that they departed asunder one from the other—Said they not truly to the Lystrians that they were "men of like passions with them"; (Ac 14:15). But who was to blame? (1) That John Mark had either tired of the work or shrunk from the dangers and fatigues that yet lay before them, was undeniable; and Paul concluded that what he had done he might, and probably would, do again. Was he wrong in this? (See Pr 25:19). But (2) To this Barnabas might reply that no rule was without exception; that one failure, in a young Christian, was not enough to condemn him for life; that if near relationship might be thought to warp his judgment, it also gave him opportunities of knowing the man better than others; and that as he was himself anxious to be allowed another trial (and the result makes this next to certain), in order that he might wipe out the effect of his former failure and show what "hardness he could now endure as a good soldier of Jesus Christ," his petition ought not to be rejected. Now, since John Mark did retrieve his character in these respects, and a reconciliation took place between Paul and him, so cordial that the apostle expresses more than once the confidence he had in him and the value he set upon his services (Col 4:10, 11; 2Ti 4:11), it may seem that events showed Barnabas to be in the right, and Paul too harsh and hasty in his judgment. But, in behalf of Paul, it may well be answered, that not being able to see into the future he had only the unfavorable past to judge by; that the gentleness of Barnabas (Ac 4:36; 11:24) had already laid him open to imposition (see on [2028]Ga 2:13), to which near relationship would in this case make him more liable; and that in refusing to take John Mark on this missionary journey he was not judging his Christian character nor pronouncing on his fitness for future service, but merely providing in the meantime against being again put to serious inconvenience and having their hands weakened by a possible second desertion. On the whole, then, it seems clear that each of these great servants of—Christ had something to say for himself, in defense of the position which they respectively took up; that while Barnabas was quite able to appreciate the grounds on which Paul proceeded, Paul was not so competent to judge of the considerations which Barnabas probably urged; that while Paul had but one object in view, to see that the companion of their arduous work was one of thoroughly congenial spirit and sufficient nerve, Barnabas, over and above the same desire, might not unreasonably be afraid for the soul of his nephew, lest the refusal to allow him to accompany them on their journey might injure his Christian character and deprive the Church of a true servant of Jesus Christ; and that while both sought only the glory of their common Master, each looked at the question at issue, to some extent, through the medium of his own temperament, which grace sanctifies and refines, but does not destroy—Paul, through the medium of absolute devotion to the cause and kingdom of Christ, which, warm and womanly as his affections were, gave a tinge of lofty sternness to his resolves where that seemed to be affected; Barnabas, through the medium of the same singleness of heart in Christ's service, though probably not in equal strength (Ga 2:13), but also of a certain natural gentleness which, where a Christian relative was concerned, led him to attach more weight to what seemed for his spiritual good than Paul could be supposed to do. In these circumstances, it seems quite possible that they might have amicably "agreed to differ," each taking his own companion, as they actually did. But the "paroxysm" (as the word is), the "exacerbation" which is expressly given as the cause of their parting, shows but too plainly, that human infirmity amidst the great labors of the Church at Antioch at length sundered those who had sweetly and lovingly borne together the heat and burden of the day during a protracted tour in the service of Christ. "Therefore let no man glory in men" (1Co 3:21). As for John Mark, although through his uncle's warm advocacy of his cause he was put in a condition to dissipate the cloud that hung over him, how bitter to him must have ever afterwards been the reflection that it was his culpable conduct which gave occasion to whatever was sinful in the strife between Paul and Barnabas, and to a separation in action, though no doubt with a mutual Christian regard, between those who had till then wrought nobly together! How watchful does all this teach Christians, and especially Christian ministers and missionaries, to be against giving way to rash judgment and hot temper towards each other, especially where on both sides the glory of Christ is the ground of difference! How possible is it that in such cases both parties may, on the question at issue, be more or less in the right! How difficult is it even for the most faithful and devoted servants of Christ, differing as they do in their natural temperament even under the commanding influence of grace, to see even important questions precisely in the same light! And if, with every disposition to yield what is unimportant, they still feel it a duty each to stand to his own point, how careful should they be to do it lovingly, each pursuing his own course without disparagement of his Christian brother! And how affectingly does the Lord overrule such difference of judgment and such manifestations of human infirmity, by making them "turn out rather unto the furtherance of the Gospel"; as in this case is eminently seen in the two missionary parties instead of one, not travelling over the same ground and carrying their dispute over all the regions of their former loving labors, but dividing the field between them!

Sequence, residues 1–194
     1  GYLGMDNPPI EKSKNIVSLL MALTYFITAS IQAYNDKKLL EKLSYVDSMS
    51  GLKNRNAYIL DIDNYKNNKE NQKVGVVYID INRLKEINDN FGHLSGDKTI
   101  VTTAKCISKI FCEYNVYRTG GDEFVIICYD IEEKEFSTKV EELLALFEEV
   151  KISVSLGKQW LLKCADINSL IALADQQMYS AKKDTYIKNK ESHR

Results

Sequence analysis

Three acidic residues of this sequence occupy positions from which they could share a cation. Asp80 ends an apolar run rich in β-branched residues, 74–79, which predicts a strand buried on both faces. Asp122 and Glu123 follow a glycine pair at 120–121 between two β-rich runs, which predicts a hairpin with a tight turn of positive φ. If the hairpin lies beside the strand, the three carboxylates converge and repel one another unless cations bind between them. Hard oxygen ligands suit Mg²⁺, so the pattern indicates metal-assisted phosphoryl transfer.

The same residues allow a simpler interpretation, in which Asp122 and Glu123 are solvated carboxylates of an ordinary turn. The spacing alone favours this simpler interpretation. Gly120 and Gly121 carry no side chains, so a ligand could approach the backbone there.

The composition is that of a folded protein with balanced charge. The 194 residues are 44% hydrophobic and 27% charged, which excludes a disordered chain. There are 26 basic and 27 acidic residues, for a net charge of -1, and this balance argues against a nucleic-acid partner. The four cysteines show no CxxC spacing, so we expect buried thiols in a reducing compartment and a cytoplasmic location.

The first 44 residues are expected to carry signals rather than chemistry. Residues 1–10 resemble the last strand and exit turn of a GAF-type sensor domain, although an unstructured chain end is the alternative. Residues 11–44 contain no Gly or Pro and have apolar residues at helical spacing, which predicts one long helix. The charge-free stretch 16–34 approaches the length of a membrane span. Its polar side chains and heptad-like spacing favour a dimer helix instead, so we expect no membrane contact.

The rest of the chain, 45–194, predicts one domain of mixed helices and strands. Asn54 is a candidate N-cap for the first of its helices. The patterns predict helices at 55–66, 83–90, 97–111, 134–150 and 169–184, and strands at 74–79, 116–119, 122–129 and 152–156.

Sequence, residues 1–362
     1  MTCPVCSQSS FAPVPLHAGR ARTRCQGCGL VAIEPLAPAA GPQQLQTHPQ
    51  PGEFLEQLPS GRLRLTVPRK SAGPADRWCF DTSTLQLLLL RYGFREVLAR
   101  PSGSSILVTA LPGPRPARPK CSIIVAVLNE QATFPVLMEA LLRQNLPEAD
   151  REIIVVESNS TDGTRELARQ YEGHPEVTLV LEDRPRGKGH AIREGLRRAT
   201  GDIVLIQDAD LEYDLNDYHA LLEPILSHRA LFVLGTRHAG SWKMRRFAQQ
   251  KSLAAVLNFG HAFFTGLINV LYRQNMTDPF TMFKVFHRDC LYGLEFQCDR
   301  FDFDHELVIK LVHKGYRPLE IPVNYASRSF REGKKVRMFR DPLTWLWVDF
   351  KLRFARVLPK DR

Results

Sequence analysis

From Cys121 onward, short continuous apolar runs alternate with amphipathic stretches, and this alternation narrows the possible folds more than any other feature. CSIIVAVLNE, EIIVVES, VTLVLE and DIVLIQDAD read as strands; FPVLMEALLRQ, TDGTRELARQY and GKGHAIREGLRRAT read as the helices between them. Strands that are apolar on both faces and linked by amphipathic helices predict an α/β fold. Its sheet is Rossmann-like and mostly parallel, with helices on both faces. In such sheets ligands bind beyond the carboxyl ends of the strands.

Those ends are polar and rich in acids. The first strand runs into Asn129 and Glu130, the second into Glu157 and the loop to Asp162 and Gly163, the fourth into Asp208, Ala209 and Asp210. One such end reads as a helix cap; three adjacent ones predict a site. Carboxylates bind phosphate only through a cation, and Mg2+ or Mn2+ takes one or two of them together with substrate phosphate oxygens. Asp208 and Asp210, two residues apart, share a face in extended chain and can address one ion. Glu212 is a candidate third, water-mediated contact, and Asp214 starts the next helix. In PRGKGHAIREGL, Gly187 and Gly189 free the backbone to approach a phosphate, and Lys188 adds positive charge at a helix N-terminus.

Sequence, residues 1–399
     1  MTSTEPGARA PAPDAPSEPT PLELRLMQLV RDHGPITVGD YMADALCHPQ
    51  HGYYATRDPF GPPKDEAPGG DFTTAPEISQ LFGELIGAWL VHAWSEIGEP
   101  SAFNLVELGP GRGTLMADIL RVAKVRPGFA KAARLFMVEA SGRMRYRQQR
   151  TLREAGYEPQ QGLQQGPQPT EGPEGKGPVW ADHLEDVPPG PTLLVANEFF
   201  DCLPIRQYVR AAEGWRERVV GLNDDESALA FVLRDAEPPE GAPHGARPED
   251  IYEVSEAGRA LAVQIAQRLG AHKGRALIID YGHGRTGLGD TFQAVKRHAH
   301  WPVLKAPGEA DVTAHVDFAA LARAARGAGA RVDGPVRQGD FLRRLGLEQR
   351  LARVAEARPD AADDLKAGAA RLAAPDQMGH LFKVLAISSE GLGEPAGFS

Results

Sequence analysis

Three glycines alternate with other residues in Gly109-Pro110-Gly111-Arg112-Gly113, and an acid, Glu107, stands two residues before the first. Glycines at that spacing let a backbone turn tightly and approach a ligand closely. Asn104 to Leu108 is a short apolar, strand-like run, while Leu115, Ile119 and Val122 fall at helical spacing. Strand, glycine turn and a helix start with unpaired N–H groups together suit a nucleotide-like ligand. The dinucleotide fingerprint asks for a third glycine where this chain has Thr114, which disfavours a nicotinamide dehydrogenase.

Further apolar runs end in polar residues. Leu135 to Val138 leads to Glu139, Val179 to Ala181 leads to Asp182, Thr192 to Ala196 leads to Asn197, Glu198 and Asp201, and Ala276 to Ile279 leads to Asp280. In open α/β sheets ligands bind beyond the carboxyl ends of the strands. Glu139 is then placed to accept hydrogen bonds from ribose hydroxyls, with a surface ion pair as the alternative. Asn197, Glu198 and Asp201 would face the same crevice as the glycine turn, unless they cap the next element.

and so Barnabas took Mark, and sailed unto Cyprus; and Paul chose Silas—(See on [2029]Ac 15:34)—going two and two, as the Twelve and the Seventy (Mr 6:7; Lu 10:1).